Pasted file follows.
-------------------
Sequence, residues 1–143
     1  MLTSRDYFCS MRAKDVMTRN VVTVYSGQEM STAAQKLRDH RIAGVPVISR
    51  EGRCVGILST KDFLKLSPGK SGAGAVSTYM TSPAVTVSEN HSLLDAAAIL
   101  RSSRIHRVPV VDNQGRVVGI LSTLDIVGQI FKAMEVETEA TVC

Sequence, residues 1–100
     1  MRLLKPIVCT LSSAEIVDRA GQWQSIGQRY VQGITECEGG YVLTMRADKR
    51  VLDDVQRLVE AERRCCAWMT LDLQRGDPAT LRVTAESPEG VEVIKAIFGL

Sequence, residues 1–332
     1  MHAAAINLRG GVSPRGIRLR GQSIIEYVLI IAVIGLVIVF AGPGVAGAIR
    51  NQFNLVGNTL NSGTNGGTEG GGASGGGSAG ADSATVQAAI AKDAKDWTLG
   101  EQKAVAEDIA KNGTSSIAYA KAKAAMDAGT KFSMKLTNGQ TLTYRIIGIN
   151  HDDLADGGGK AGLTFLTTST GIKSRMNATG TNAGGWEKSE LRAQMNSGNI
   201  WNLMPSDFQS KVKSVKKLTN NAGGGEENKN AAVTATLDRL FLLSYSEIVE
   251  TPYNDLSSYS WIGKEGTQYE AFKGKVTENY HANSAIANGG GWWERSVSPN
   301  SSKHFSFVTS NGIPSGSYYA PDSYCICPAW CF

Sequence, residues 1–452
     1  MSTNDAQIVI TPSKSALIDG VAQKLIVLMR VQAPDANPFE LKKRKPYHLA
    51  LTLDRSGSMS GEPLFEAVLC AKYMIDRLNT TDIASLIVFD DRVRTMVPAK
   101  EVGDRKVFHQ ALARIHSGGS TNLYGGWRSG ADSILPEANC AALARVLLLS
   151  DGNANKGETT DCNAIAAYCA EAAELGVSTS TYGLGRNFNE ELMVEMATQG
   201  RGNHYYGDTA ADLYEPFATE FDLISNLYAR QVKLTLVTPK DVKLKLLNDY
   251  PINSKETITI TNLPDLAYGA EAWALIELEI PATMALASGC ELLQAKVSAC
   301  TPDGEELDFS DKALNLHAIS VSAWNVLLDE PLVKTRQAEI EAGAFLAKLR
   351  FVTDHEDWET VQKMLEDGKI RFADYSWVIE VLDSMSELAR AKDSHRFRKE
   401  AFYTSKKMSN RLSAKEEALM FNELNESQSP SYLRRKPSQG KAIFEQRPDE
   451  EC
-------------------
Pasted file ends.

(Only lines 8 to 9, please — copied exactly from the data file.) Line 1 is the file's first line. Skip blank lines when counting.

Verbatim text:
Sequence, residues 1–332
     1  MHAAAINLRG GVSPRGIRLR GQSIIEYVLI IAVIGLVIVF AGPGVAGAIR